The Wit and Grace of Jiri Menzel

If asked to name one Czech film, an American film buff will mostly likely mention Jiri Menzel’s Oscar winning “Closely Watched Trains” (1966). But Menzel has directed 15 feature films, several of which are just as wonderful, if not better. The Menzel film retrospective, which began in New York City last October, is continuing its tour across the country and represents a rare and fantastic opportunity to see some of his other work, including: “Capricious Summer” (Rozmarneleto, 1967); “Larks on a String” (Skrivanci na niti, 1969); “Cutting it Short”(Postriziny, 1980); “Festival of Snowdrops” (Slavnosti snezenek, 1983); “My Sweet Little Village” (Vesnicko ma strediskova, 1985); and “The Life and Extraordinary Adventures of Private Ivan Chonkin” (Zivot a neobycejna dobrodruzstvi vojaka Ivana Conkina, 1993). Menzel was part of the Czech New Wave, a group of directors including Milos Forman, Jan Nemec (both in the West), Vera Chytilova and Jaromil Jires, who succeeded in producing experimental and original films despite the official pro-Soviet, anti-West bias of the national studios that funded them. Menzel’s style is ironic and sublime, much like the writing of Bohumil Hrabal–ironic in “Larks on a String” when Socialist slogans (Work Brings Honor) are juxtaposed with dozing workers; sublime in “Cutting it Short” when the brewery master’s wife (played by Magda Vasaryova) slips into her bath, or when she sits atop the brewery chimney enjoying the view of the town below.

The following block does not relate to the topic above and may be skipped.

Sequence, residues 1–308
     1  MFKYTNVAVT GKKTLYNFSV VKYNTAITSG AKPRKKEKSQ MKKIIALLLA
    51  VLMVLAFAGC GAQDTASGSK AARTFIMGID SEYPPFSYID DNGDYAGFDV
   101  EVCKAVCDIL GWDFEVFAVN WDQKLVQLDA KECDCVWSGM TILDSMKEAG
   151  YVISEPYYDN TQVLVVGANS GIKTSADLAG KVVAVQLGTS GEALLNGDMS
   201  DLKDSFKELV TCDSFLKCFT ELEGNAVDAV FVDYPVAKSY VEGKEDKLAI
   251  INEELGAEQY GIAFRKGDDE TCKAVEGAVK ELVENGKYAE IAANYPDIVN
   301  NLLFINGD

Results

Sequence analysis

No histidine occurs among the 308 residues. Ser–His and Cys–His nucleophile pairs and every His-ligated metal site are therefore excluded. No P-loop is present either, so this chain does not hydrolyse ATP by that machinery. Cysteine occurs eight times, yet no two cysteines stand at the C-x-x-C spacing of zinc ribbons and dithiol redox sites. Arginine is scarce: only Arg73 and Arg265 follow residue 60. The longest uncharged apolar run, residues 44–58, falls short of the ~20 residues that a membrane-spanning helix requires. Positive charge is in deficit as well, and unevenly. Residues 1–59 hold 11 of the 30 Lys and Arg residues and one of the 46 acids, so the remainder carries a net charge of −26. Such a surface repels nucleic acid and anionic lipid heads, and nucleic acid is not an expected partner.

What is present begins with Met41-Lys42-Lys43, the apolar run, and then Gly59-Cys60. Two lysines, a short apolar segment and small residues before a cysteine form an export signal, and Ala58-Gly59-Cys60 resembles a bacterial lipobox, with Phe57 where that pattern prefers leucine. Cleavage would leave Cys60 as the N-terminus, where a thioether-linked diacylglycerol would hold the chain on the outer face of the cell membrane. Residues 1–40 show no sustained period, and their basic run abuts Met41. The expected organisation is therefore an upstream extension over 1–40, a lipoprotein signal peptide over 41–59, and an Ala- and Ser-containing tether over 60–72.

Menzel and Hrabal collaborated on four screenplays: “Larks on a String,””Festival of Snowdrops,” “Cutting it Short,” and “Closely Watched Trains.” These films unfold at a leisurely pace, pausing to note details without losing plot momentum. Moments of pastoral tranquility are interrupted by antic outbursts, as the wild boar in “Festival of Snowdrops” careens through the village, and, through a rather improbable twist of luck, runs into an elementary classroom. A model of poise, the pretty young schoolteacher (Jitka Zelenohorska) uses the opportunity to lecture on the anatomy of the pig. Watching a number of Menzel’s films in succession allows us to appreciate the same actors as they appear in a variety of roles. Rudolf Hrusinsky is a stuffy Communist bureaucrat in “Larks on a String,” and the owner of a swimming hole in “Capricious Summer;” Nada Urbankova is “Victoria Freie” in “Closely Watched Trains” and a prisoner in “Larks on a String;” Vaclav Neckar is the shy hero of “Closely Watched Trains” and the (somewhat bolder) young man in “Larks on a String” who weds the female prisoner–Jitka Zelenohorska. The recycling of actors creates the impression that we are continually bumping into old friends by accident.